He’s been charged by a rhinoceros. He’s been stalked by a lion. He even survived the dot-com implosion with his software company intact.
Of the thousands of people who started software companies in the go-go 1990s, surely Louis Liebenberg followed the most tortuous path to the helm of a software start-up. For one thing, it went through the Kalahari bush.
Liebenberg is the owner of CyberTracker Software Ltd., a four-person company in Cape Town, South Africa. CyberTracker’s acclaimed program for Palm and Pocket PC handhelds simplifies and automates the task of monitoring the locations, populations, and movements of wildlife. Available free at http://www.cybertracker.org, the software has been a huge hit with wildlife officials, conservationists, zoologists, field biologists, animal trackers, and antipoaching officers. Nearly 2000 people per month have been downloading Version 3 of the software.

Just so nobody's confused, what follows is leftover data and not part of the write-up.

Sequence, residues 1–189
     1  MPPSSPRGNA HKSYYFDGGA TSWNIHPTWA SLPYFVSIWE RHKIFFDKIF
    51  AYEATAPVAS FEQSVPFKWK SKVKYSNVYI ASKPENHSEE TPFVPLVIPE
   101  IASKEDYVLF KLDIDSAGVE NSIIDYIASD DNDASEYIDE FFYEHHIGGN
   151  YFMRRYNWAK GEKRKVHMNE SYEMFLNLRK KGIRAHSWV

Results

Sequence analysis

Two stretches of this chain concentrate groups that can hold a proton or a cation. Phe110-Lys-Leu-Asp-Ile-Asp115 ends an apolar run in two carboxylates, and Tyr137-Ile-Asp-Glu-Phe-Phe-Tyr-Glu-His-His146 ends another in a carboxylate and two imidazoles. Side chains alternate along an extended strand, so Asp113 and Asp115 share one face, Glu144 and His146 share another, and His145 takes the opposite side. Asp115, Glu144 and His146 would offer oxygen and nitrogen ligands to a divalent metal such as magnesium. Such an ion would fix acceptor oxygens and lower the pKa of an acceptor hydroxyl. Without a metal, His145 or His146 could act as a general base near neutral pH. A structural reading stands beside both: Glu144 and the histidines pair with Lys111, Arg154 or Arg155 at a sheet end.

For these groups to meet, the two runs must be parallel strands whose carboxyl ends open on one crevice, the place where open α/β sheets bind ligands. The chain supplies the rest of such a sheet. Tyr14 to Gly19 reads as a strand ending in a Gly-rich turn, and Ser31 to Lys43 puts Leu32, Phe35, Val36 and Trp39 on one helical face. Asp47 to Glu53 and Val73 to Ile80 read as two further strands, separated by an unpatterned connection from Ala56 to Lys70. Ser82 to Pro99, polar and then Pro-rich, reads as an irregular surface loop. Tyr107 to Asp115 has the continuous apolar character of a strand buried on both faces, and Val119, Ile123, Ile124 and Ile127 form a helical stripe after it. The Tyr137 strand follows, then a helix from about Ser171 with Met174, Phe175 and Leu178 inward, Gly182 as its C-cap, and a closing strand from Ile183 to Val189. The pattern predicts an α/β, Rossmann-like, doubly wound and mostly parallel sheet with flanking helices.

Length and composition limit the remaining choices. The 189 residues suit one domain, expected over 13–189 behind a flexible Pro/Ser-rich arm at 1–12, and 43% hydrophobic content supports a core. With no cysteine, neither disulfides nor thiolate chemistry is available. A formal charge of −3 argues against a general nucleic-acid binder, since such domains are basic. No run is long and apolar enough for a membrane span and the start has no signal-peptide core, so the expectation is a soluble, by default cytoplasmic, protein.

“Louis Liebenberg is a fascinating person,” says Jeff Hawkins, chief technology officer of Palm Inc., in Sunnyvale, Calif. “When people ask me about the most interesting application for handheld computers I have seen, I tell them about Louis and CyberTracker.”
The beauty of the program lies in its user interface, which Liebenberg conceived to be usable by African Bushmen who can’t read or write. To record a sighting of a group of animals, the user simply chooses from a menu of pictograms—Impalas, Plains Zebras, African Elephants—then taps the screen the appropriate number of times: five taps means five animals. The user can even record animal tracks through a menu of footprint pictograms.